Jared> Derek is incredible. If he had been mask-less, and just played a bid dude who was going to kill you, but without the stigma of Jason or the physicality, then I would have been like, “Oh, Derek, you’re not going to hurt me! You could kill me, but you’re too nice.” I could probably kick him in the shin and he’d be like, “Man, leave me alone!” But, he’s tremendous. I get to cheat and have lines and use my facial expressions, and he just expresses so much with his movement. He’s so capable that it was really easy to get there. You’re looking at Jason and you’re like, “Ha-ha, I grew up watching you. Let’s fight!”  It was really comforting to work with him because we had a couple of fight scenes, like the one in the barn. I had mud in my eye and I couldn’t wipe my eyes, so for most of the takes, I couldn’t really see anything. I’d slip and he’d just pause, holding me, and put me back up on my feet. I’m 220 pounds and he was just like, “I’ve got you!” He’s really a cool guy.

MediaBlvd> In this film, you don’t have to just contend with Jason. You also have to contend with douchebag Trent (Travis Van Winkle). Did you guys improv at all?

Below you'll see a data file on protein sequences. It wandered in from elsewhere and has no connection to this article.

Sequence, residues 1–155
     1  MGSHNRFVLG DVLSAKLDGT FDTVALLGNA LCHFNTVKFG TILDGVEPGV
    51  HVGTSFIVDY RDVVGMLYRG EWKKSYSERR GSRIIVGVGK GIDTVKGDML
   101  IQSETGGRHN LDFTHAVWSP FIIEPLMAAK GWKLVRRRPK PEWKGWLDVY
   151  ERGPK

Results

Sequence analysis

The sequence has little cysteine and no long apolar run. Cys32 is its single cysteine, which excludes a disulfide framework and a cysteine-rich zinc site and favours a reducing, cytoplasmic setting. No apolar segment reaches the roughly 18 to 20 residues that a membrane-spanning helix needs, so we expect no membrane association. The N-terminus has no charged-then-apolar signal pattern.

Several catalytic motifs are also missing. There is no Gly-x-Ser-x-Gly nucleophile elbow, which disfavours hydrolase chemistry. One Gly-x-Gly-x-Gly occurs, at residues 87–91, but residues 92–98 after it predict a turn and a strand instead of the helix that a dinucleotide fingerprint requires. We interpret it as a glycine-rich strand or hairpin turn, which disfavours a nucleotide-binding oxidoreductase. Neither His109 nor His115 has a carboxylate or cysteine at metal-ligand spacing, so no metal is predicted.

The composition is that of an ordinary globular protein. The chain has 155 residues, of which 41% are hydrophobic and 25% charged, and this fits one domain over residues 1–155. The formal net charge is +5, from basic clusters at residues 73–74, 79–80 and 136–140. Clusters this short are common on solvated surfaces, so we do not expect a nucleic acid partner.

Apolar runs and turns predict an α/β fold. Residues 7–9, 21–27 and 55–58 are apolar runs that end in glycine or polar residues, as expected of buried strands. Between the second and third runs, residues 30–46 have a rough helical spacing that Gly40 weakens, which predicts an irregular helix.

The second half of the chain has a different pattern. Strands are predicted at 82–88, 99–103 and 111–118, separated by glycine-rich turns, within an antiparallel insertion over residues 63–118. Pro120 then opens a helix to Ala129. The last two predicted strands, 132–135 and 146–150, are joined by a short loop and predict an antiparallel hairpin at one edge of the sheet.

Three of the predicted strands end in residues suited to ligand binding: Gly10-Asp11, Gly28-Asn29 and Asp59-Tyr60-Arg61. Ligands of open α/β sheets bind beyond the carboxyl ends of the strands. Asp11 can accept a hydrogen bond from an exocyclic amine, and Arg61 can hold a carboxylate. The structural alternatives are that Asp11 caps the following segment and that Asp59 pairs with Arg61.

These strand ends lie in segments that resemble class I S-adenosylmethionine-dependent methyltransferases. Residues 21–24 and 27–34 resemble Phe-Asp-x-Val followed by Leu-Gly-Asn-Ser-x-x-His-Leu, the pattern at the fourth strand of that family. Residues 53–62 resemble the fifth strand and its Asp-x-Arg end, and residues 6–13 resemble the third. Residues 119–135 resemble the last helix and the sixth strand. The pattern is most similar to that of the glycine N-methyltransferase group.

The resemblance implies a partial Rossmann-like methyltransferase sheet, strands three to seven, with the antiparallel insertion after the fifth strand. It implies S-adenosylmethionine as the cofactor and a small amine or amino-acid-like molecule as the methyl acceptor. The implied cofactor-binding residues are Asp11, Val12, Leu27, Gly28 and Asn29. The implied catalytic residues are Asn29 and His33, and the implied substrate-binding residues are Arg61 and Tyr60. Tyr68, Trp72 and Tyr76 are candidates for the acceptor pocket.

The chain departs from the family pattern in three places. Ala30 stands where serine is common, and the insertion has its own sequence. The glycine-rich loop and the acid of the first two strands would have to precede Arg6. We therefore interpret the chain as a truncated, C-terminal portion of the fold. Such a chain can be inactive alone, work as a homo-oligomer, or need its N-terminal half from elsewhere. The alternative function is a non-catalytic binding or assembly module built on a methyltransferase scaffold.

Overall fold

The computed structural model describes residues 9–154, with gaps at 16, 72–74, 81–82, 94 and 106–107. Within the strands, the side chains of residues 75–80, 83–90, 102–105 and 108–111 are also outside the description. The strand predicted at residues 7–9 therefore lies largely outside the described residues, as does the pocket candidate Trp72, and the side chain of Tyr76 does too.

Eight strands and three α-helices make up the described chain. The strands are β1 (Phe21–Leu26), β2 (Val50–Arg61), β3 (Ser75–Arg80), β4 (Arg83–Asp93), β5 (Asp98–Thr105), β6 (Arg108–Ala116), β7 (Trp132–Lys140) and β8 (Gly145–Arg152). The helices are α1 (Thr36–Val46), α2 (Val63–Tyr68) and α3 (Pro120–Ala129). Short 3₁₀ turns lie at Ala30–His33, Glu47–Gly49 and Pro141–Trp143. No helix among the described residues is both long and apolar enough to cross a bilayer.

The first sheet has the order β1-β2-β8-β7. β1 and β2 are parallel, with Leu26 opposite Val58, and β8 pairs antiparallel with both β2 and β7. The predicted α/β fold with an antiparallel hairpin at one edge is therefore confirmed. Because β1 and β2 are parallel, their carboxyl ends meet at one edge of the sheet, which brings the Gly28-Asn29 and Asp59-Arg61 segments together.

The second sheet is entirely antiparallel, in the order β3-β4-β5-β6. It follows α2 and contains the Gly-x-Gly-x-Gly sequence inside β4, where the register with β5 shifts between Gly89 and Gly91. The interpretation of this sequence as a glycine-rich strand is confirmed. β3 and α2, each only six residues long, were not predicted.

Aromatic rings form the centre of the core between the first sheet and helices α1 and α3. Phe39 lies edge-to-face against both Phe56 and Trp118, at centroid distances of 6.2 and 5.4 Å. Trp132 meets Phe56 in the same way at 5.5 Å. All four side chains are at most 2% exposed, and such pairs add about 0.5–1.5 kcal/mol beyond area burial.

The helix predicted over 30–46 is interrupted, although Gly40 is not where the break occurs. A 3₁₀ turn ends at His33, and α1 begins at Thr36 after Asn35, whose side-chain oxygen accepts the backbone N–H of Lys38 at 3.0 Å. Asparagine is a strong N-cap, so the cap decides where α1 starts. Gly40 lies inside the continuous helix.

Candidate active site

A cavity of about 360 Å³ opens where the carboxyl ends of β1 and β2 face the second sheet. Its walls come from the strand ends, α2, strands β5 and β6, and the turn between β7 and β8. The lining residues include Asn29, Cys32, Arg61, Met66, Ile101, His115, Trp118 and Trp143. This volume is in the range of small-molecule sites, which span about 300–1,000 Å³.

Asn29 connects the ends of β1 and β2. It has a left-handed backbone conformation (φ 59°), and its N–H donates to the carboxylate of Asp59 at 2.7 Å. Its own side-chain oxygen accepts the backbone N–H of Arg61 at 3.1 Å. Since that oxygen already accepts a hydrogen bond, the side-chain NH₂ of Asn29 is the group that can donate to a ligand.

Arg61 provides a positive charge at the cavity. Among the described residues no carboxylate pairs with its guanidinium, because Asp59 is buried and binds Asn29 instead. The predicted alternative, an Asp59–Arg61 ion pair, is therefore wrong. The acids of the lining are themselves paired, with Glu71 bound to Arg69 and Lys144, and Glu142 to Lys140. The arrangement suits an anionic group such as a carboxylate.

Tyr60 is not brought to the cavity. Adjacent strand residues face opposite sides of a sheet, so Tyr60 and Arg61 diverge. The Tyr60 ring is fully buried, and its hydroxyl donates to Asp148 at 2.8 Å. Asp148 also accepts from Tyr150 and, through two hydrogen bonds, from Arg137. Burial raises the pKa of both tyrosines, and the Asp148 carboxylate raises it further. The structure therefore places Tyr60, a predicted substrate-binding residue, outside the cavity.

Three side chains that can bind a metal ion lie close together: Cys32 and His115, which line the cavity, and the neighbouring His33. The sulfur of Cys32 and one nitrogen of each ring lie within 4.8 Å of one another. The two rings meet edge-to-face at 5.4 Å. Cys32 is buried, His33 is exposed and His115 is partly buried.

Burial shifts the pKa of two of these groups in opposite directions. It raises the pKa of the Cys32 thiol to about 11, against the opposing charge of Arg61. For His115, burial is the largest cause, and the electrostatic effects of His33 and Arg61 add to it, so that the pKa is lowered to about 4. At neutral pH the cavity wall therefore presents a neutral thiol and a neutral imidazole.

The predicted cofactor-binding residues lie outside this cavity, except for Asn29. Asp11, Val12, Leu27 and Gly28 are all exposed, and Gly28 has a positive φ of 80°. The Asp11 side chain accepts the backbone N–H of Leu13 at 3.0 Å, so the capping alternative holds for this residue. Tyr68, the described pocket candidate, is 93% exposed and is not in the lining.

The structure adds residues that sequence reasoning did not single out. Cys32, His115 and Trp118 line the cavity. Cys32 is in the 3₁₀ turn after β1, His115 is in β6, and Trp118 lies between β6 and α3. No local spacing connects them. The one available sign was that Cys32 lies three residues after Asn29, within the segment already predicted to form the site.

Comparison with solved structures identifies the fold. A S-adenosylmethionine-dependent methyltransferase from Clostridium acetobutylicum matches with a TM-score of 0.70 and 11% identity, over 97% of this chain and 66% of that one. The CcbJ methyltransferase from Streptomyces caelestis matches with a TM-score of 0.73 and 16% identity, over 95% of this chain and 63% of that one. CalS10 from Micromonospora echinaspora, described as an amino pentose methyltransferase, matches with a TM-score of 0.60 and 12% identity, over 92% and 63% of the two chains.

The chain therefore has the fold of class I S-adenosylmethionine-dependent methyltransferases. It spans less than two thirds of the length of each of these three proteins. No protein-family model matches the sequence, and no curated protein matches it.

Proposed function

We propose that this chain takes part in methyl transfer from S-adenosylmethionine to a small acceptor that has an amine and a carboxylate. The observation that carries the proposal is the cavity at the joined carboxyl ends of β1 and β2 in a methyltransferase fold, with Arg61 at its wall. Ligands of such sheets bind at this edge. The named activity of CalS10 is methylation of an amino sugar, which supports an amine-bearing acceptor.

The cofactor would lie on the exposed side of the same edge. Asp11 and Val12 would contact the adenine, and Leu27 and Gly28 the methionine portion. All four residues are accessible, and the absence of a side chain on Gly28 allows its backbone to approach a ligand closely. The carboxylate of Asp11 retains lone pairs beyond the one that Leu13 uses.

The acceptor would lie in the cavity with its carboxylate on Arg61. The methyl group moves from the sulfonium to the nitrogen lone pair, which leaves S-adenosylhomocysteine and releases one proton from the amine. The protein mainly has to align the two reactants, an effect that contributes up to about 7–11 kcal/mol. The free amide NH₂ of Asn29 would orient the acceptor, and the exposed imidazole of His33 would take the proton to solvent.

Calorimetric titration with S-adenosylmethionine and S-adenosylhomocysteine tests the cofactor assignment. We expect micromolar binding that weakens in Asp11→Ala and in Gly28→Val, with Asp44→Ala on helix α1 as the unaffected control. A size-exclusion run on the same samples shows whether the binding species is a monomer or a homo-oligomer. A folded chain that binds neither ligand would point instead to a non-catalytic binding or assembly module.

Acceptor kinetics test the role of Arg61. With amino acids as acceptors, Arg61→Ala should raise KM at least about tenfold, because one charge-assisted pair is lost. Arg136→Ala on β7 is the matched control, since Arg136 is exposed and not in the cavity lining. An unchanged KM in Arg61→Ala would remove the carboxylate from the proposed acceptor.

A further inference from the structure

Jared > A little bit, yes. Maybe it’s my fault for being jaded by Hollywood, but I saw a picture of Travis, and I saw his resume — I hadn’t really seen a lot of his work — and I was like, “Oh, he’s going to be a douche. He plays a douche, so he’s going to be a turd.” And then, I met him and he was the coolest, most down-to-earth guy. He was talking about how he still gets his hair cut at Super Cuts, but his agent got mad at him about it. He was like, “Quit getting your hair cut at Super Cuts!,” and Travis said, “Why, man? It’s five bucks!” We’d go work out and he was just a totally rad guy. I was like, “Great, he has three names. He’s going to be turd!” But then, he was really cool, so it was nice to get along. We had fun.